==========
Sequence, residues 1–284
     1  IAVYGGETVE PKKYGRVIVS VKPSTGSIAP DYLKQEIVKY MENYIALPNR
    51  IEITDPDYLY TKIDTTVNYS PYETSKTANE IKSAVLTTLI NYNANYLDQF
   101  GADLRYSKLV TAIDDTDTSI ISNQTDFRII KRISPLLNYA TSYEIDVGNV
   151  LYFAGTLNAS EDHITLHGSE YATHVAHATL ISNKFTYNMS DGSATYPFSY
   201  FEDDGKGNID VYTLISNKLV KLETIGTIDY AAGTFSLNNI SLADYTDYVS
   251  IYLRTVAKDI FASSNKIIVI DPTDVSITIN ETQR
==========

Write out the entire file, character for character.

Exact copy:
Sequence, residues 1–284
     1  IAVYGGETVE PKKYGRVIVS VKPSTGSIAP DYLKQEIVKY MENYIALPNR
    51  IEITDPDYLY TKIDTTVNYS PYETSKTANE IKSAVLTTLI NYNANYLDQF
   101  GADLRYSKLV TAIDDTDTSI ISNQTDFRII KRISPLLNYA TSYEIDVGNV
   151  LYFAGTLNAS EDHITLHGSE YATHVAHATL ISNKFTYNMS DGSATYPFSY
   201  FEDDGKGNID VYTLISNKLV KLETIGTIDY AAGTFSLNNI SLADYTDYVS
   251  IYLRTVAKDI FASSNKIIVI DPTDVSITIN ETQR